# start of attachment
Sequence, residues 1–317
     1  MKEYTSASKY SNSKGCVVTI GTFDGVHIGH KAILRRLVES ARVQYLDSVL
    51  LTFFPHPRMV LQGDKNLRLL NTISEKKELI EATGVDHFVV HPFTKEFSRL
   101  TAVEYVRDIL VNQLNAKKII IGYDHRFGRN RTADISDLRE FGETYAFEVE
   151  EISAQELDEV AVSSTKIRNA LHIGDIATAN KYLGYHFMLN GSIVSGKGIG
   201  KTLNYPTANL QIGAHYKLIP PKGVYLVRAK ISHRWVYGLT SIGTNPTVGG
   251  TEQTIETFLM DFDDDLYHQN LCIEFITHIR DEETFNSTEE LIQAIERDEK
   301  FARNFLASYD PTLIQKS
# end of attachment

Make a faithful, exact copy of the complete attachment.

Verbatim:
Sequence, residues 1–317
     1  MKEYTSASKY SNSKGCVVTI GTFDGVHIGH KAILRRLVES ARVQYLDSVL
    51  LTFFPHPRMV LQGDKNLRLL NTISEKKELI EATGVDHFVV HPFTKEFSRL
   101  TAVEYVRDIL VNQLNAKKII IGYDHRFGRN RTADISDLRE FGETYAFEVE
   151  EISAQELDEV AVSSTKIRNA LHIGDIATAN KYLGYHFMLN GSIVSGKGIG
   201  KTLNYPTANL QIGAHYKLIP PKGVYLVRAK ISHRWVYGLT SIGTNPTVGG
   251  TEQTIETFLM DFDDDLYHQN LCIEFITHIR DEETFNSTEE LIQAIERDEK
   301  FARNFLASYD PTLIQKS